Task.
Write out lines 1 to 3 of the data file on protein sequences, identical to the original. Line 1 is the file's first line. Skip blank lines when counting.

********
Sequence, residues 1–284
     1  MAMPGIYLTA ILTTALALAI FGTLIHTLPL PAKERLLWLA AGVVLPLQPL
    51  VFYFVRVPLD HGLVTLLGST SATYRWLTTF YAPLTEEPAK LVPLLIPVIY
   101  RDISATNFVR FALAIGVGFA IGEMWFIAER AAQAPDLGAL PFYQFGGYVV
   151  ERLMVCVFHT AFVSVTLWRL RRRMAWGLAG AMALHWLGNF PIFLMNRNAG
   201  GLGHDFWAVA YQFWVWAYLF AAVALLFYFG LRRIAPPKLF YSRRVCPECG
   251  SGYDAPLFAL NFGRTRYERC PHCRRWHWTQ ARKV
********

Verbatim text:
Sequence, residues 1–284
     1  MAMPGIYLTA ILTTALALAI FGTLIHTLPL PAKERLLWLA AGVVLPLQPL
    51  VFYFVRVPLD HGLVTLLGST SATYRWLTTF YAPLTEEPAK LVPLLIPVIY